New research suggests that mesothelioma patients who have focused radiation after chemotherapy may live longer with slower disease progression than those who have other therapy combinations.
Researchers used two kinds of focused radiotherapy (FRT) in the study. One was stereotactic body radiotherapy (SBRT) and the other was hypo-fractionated radiotherapy. Both treatments deliver a deadly dose of radiation into tumors while sparing normal tissue.
Italian researchers say giving focused radiation after chemotherapy makes it even more effective against mesothelioma that is not yet widespread.
Radiotherapy for Pleural Mesothelioma
Radiotherapy is one of several possible treatments for mesothelioma. Most patients start with chemotherapy. But chemotherapy has limited effectiveness. Increasingly, researchers are looking for other approaches to combat mesothelioma.
Most patients get the best results from a combination of treatments. But there is no one-size-fits all approach. Pleural mesothelioma is resistant to many therapies, including radiotherapy.
The new Italian study shows focused radiation after chemotherapy may work better. Chemotherapy may make mesothelioma cells more susceptible to radiation. The study suggests that the combination is a safe option for some cases of recurrent mesothelioma.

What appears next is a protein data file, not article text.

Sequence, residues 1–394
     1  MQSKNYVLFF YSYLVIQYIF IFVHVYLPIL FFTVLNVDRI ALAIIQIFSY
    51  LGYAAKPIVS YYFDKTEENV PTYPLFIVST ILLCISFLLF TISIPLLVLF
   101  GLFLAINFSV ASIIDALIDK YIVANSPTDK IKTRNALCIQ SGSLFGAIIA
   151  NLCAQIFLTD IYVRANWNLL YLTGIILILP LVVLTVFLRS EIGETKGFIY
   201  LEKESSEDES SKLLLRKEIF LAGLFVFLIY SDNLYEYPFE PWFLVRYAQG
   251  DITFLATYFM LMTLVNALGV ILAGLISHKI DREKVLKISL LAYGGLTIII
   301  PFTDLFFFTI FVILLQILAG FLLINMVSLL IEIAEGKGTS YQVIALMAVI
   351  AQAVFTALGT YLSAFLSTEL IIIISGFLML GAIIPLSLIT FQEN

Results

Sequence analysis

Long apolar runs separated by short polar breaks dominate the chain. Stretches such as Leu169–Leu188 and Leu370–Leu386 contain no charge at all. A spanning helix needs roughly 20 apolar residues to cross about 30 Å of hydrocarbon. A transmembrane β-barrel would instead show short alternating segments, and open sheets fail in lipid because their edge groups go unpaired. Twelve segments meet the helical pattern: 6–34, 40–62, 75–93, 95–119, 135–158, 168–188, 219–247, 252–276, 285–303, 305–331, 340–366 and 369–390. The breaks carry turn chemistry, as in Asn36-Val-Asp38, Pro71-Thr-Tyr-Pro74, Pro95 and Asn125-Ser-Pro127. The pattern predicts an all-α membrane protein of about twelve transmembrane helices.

Testing Focused Radiation After Chemotherapy
The new study included 37 patients with progressive mesothelioma. Patients had mesothelioma tumors in three or fewer sites besides the original tumor site. The name for this is “oligo-progressive”. Patients received treatment between 2006 and 2019.
The patients had 43 mesothelioma lesions between them. They all had some chemotherapy first. Sixty percent of them had only had one course of chemotherapy. All patients had focused radiation after chemotherapy.
Sixty percent of mesothelioma tumors received SBRT. SBRT is high dose radiation spread across many beams. The beams hit the tumor from different angles. It is a very precise form of radiotherapy.
The other forty percent of mesothelioma tumors got hypofractionated radiotherapy. This approach also uses high doses of targeted radiation. Radiation is delivered in a short span of time.
For patients who received focused radiation after just one course of chemotherapy, it took a median of 9 months for them to need more systemic therapy. Patients who needed more chemotherapy before FRT had to have systemic therapy again in about 4 months.
At six months, local tumor control was 84 percent. That number dropped to 76 percent by one year.
“FRT was feasible in selected patients with oligo-progressive MPM, allowing delay of further systemic therapies with no severe toxicity,” writes study author Paolo Ghirardelli of Cliniche Humanitas Gavazzeni in Bergamo. “FRT was more effective when performed at progression after one line of systemic therapy.”
Ghirardelli, P, et al, “Salvage radiotherapy for oligo-progressive malignant pleural mesothelioma”, November 30, 2020, Lung Cancer, Epub ahead of print, https://www.lungcancerjournal.info/article/S0169-5002(20)30698-X/fulltext?rss=yes#%20